Andrew Stevenson went just 9 for 57 (.158/.250/.193) with two doubles in 37 games and 66 plate appearances after making his MLB debut last season, but Washington’s 23-year-old, 2015 2nd Round pick told reporters this winter that the experience was an important one in his development.
“To break through, that’s kind of the biggest thing,” Stevenson explained. “Now you get that experience and you run with it now.
“Now you get another shot, nothing is really going to be new, so I think that’s going to be the biggest thing going into this year, kind of know what to expect.
“I know it’s going to be a new coaching staff, and it might be run a little different, but I’m looking forward to this year and seeing what it has to bring.”
Though he didn’t make the Opening Day roster, Stevenson was called up on the 17th of April when Brian Goodwin was placed on the Disabled, joining Adam Eaton.
The early-season DL stints provided another opportunity for Stevenson, but he didn’t get a whole lot of at bats over the first week, going just 1 for 5 in pinch hit appearances and late-game opportunities when he came on as a defensive replacement.
On Wednesday afternoon, however, Stevenson started for the first time in 2018 and went 4 for 5 with two doubles, two singles, a walk, and four RBIs in the Nationals’ 15-2 win over the San Francisco Giants.
“Been here for a few days now and just trying to take advantage of every opportunity I’m given right now and it’s just great being out here, great stadium, it was a fun game to be a part of,” Stevenson told MASN’s Dan Kolko after the game.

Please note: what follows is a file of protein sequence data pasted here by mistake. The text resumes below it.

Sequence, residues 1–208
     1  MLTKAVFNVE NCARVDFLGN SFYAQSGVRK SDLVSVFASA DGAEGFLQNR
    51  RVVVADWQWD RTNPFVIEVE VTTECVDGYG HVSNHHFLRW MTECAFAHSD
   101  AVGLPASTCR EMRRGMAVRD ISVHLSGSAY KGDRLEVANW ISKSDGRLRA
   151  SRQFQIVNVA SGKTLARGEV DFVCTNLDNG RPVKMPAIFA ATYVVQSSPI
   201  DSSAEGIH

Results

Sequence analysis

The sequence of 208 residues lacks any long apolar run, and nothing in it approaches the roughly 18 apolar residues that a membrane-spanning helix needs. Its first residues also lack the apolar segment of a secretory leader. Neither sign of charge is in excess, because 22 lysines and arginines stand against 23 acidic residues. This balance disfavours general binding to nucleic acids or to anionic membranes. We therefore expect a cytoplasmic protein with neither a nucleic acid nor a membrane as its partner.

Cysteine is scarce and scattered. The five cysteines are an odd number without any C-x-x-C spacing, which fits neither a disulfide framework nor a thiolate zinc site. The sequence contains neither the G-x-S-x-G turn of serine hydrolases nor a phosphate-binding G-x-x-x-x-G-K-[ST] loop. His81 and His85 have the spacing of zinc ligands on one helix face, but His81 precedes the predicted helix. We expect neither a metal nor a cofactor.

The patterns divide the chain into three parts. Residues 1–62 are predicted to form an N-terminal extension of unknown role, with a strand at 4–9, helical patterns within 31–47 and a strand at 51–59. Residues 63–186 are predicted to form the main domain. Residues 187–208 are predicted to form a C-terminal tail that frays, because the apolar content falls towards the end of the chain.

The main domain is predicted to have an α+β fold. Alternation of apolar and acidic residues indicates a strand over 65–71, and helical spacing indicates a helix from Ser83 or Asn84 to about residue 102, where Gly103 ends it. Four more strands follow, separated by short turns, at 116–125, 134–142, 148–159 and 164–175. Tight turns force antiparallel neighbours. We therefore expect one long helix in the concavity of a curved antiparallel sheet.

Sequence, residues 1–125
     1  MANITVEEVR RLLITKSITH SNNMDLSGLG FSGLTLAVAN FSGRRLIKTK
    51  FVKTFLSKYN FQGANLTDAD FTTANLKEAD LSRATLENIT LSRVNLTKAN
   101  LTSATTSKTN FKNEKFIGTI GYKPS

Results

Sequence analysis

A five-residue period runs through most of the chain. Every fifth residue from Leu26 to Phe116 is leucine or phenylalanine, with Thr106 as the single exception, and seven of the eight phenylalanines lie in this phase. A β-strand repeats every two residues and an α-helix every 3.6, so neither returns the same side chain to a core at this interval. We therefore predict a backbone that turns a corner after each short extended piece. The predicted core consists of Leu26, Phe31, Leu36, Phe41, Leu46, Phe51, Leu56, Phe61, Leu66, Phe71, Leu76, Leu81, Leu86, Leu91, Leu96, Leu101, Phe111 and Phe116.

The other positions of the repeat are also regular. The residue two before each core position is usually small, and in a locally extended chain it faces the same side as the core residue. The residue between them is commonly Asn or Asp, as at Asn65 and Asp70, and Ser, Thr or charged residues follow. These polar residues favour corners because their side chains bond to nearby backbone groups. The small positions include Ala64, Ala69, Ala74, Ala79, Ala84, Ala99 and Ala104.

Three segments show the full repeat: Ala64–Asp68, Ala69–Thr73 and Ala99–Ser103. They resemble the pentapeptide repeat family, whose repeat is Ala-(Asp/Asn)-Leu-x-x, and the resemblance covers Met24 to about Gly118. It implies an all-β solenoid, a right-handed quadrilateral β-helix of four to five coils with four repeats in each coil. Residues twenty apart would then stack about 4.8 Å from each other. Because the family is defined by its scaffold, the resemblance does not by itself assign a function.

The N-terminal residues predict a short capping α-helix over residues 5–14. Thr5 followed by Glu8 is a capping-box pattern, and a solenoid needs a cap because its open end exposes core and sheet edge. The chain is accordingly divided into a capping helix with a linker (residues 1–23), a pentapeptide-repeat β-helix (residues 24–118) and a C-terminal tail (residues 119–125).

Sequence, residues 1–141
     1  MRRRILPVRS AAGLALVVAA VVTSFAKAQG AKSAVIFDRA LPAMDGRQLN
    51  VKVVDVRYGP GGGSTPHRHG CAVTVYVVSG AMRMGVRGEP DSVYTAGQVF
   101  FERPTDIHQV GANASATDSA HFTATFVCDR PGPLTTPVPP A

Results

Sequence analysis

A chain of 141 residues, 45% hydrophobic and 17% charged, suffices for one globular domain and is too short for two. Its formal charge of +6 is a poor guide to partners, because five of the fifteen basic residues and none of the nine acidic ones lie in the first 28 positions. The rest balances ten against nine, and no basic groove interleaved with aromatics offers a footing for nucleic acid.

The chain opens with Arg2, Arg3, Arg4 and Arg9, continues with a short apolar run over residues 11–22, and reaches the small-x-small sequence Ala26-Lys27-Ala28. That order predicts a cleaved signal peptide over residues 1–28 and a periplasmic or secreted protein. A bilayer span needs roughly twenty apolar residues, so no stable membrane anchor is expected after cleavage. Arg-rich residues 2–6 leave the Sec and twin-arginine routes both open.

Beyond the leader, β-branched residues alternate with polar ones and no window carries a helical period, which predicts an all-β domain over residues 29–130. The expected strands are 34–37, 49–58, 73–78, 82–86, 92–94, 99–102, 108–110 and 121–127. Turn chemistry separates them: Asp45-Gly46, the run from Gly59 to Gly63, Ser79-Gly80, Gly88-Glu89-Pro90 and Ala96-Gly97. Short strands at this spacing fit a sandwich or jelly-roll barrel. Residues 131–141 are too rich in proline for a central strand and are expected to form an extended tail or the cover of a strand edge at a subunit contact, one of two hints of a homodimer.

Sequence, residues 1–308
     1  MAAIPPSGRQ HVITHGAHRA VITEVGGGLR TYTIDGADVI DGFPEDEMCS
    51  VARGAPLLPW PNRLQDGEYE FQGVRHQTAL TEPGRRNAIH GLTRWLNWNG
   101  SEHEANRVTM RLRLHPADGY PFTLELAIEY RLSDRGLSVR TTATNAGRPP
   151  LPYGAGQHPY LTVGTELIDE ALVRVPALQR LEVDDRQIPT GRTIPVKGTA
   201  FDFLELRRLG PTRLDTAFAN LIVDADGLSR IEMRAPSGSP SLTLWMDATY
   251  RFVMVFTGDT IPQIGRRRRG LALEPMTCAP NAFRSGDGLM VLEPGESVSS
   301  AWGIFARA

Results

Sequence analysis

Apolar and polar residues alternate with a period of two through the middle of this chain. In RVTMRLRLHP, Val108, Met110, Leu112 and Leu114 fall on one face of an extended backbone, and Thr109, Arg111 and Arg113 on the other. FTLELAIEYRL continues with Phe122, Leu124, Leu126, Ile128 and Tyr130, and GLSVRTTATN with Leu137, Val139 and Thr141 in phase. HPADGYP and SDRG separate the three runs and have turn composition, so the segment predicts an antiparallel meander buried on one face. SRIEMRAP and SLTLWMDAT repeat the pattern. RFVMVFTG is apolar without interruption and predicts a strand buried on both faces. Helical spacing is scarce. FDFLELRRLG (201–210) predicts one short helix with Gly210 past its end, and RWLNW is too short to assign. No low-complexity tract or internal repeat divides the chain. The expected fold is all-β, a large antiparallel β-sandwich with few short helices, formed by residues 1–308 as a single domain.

A flyout to left in his final at bat was all that kept him from a perfect 5 for 5 day at the plate.
Was he thinking about a fifth hit when he stepped in for his last plate appearance?
“Oh yeah,” Stevenson said. “I’m thinking five, but it didn’t happen.”
His manager was impressed by Stevenson’s big day at the plate.
“He worked diligently on his swing in Spring Training,” Nats’ skipper Davey Martinez said after the Nationals’ win.
“And he hit the ball well in Spring Training, and he’s still doing it, so I tip my hat to him.
“He works. He worked all Spring on it and he’s doing well. He’s a good kid. Loves to play the game. And I’m proud of him.”
Stevenson’s work actually began before Spring Training, when the Nationals’ new hitting coach, Kevin Long, visited him at his home in Louisiana to offer suggestions and start to make some changes to a swing which has often been described in scouting reports as an “unorthodox” one.
“It’s definitely an honor,” Stevenson said of the personal attention he received, as quoted by Washington Post writer Chelsea Janes this past March.
“To kind of have them want to get me to the next level, I’m very appreciative they wanted to do that for me.”
The latest opportunity for Stevenson is the result of a number of injuries to the outfielders who started with the Nationals on Opening Day, but he made the most of the chance.
“It’s something you think you can do every time you step in the lineup,” Stevenson said, as quoted by MASN’s Mark Zuckerman.
“That’s something I have the confidence in myself. I know I can compete with these guys.
“Just to go out there and do it, it’s kind of cool when you look back at it. I’m just thankful for the opportunity.”